Here's a link to an excellent forum on IRC Rule 72(t). Several CPAs participate here, and one has written what may be the only comprehensive book on substantially equal periodic payments:
http://72t.net/Default.aspx
http://72t.net/Default.aspx
LH2004,
I have spent a few hours reading Sec 72(t), etc., but I simply could not find any official reference that would allow the OP to escape the 10% penalty under his scenario. All three IRSapproved methods require one to use somesort of life expectancy table. And age 60 doesn't appear to be the life expectancy for a 50year old man.
Would you please provide additional guidance on this issue? Thank you very much for your time and assistance.
Regards,
HueyLD
I have spent a few hours reading Sec 72(t), etc., but I simply could not find any official reference that would allow the OP to escape the 10% penalty under his scenario. All three IRSapproved methods require one to use somesort of life expectancy table. And age 60 doesn't appear to be the life expectancy for a 50year old man.
Would you please provide additional guidance on this issue? Thank you very much for your time and assistance.
Regards,
HueyLD
Thanks  I'm pretty clear on the issue.
It sounds like I could use the fixed period annuity, but it would have to be set up perfectly at the start and may be easier to use the other calculation methods each year.
So, if the IRA is $100,000, and the 72t calc basd on LE is  say $3,500, then I'd have to annuitize the perfect amount  Say $30,000 of the total IRA to pay out just $3,500 per yr for 10 yrs. Probably not ideal.
It sounds like I could use the fixed period annuity, but it would have to be set up perfectly at the start and may be easier to use the other calculation methods each year.
So, if the IRA is $100,000, and the 72t calc basd on LE is  say $3,500, then I'd have to annuitize the perfect amount  Say $30,000 of the total IRA to pay out just $3,500 per yr for 10 yrs. Probably not ideal.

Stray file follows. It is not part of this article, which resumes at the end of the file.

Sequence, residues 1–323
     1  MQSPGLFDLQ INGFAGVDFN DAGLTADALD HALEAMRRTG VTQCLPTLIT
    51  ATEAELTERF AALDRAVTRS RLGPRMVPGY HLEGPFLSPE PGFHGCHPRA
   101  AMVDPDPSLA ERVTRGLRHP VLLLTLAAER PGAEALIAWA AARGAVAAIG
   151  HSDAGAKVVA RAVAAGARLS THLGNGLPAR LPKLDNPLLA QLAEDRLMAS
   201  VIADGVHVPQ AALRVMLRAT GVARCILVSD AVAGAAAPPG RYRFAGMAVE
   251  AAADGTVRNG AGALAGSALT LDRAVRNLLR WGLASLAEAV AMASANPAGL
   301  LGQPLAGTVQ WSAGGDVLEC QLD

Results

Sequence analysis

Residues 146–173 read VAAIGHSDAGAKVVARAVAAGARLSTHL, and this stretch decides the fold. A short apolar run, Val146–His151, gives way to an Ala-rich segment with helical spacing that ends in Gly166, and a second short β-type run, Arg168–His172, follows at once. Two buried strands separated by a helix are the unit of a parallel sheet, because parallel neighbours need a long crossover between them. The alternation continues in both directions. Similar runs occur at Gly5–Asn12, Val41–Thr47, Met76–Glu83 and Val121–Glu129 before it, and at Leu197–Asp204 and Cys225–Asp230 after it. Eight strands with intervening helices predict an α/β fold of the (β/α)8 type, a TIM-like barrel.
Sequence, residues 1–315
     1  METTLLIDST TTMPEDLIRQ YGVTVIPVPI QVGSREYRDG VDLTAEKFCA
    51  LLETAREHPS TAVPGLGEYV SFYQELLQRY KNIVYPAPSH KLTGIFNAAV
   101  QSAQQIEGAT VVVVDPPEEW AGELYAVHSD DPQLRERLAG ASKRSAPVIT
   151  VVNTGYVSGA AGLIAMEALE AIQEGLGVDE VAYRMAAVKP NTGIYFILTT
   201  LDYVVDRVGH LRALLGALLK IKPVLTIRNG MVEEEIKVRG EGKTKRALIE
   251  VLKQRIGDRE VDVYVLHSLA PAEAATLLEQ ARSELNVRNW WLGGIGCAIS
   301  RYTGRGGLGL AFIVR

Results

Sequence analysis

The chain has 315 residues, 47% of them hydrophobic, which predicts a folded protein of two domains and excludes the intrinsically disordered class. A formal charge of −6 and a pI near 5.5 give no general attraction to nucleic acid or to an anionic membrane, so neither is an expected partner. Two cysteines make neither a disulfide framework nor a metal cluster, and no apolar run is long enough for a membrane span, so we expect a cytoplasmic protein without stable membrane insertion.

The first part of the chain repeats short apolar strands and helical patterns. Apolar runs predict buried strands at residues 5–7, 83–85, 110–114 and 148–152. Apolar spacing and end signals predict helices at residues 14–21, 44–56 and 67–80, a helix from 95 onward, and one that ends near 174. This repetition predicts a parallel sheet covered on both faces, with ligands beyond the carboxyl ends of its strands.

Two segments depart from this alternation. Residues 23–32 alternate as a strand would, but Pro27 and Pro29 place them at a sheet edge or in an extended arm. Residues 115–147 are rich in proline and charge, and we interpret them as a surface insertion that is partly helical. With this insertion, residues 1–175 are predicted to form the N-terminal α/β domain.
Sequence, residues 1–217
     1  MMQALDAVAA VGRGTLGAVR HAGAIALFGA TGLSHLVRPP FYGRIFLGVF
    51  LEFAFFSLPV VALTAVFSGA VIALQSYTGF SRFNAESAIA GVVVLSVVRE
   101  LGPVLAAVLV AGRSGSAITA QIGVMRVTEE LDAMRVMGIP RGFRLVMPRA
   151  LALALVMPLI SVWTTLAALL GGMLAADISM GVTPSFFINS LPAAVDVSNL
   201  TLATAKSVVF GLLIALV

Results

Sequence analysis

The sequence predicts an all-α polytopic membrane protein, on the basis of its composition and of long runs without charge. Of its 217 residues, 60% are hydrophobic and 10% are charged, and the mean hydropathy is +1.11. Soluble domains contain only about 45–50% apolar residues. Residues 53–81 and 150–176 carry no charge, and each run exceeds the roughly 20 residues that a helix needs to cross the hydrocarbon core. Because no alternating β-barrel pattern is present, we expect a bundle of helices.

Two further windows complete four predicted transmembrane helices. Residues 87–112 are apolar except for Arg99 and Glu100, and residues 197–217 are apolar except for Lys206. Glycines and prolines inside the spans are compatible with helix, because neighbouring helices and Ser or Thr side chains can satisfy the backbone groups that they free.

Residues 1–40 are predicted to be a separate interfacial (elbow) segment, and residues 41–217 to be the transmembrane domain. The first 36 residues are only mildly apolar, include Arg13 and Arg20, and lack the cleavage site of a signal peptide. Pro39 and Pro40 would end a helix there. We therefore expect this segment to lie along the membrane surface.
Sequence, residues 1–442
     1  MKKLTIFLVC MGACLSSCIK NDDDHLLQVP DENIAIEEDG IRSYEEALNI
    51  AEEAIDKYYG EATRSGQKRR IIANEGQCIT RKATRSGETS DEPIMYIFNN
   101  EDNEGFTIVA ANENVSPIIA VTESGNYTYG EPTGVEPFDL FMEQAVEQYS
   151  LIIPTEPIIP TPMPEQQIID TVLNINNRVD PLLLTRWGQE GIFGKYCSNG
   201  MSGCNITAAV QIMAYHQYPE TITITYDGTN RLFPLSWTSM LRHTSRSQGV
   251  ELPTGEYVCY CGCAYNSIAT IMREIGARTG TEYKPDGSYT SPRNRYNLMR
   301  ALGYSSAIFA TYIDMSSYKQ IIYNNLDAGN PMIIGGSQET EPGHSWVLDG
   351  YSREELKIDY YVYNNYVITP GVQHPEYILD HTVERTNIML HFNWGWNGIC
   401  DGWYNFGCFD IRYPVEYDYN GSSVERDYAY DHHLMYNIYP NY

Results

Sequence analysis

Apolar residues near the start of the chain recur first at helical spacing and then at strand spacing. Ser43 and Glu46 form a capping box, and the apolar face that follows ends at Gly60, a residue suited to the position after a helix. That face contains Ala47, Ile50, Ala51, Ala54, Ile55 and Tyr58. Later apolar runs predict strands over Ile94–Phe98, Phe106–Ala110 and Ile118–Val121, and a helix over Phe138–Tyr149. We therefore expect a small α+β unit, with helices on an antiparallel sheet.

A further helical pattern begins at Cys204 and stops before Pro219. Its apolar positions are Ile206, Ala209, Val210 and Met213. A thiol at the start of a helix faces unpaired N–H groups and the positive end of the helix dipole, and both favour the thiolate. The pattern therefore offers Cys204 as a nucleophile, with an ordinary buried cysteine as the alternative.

You do need to calculate your withdrawals to last your entire life. You can use the methods the IRS has approved, one of which is a fixed annual payment based on a reasonable mortality table and reasonable interest rate; it's likely that you can get away with using a somewhat outofdate mortality table, to increase the payments somewhat.HueyLD wrote:I have spent a few hours reading Sec 72(t), etc., but I simply could not find any official reference that would allow the OP to escape the 10% penalty under his scenario. All three IRSapproved methods require one to use somesort of life expectancy table. And age 60 doesn't appear to be the life expectancy for a 50year old man.
Would you please provide additional guidance on this issue?
It's easy if you want to take a lower amount; you just have to split your IRA so that one piece of it has the calculated withdrawals in the amount you want. You don't have to actually take the withdrawals from the IRA that you used to calculate the withdrawals  like with RMD's, any withdrawals count. So, if, say, the fixed payment calculation comes to 5% of the IRA balance, and you only want to take 2%, just put 40% of your IRA in a separate IRA and calculate the withdrawals from that IRA.
It doesn't matter how you actually fund the withdrawals. If the calculated amount was $3500 a year, you could buy an annuity that paid that amount for a shorter period, if you wanted.
You're allowed to modify the payments after age 59 1/2 and after the fifth anniversary, so a 50 year old could stop the payments at age 60.

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 Joined: Thu Dec 27, 2007 9:47 pm
"You can use the methods the IRS has approved, one of which is a fixed annual payment based on a reasonable mortality table and reasonable interest rate."
More accurately, the interest rate that may be used is any interest rate that is not more than 120 percent of the federal midterm rate for either of the two months immediately preceding the month in which the distribution begins.
More accurately, the interest rate that may be used is any interest rate that is not more than 120 percent of the federal midterm rate for either of the two months immediately preceding the month in which the distribution begins.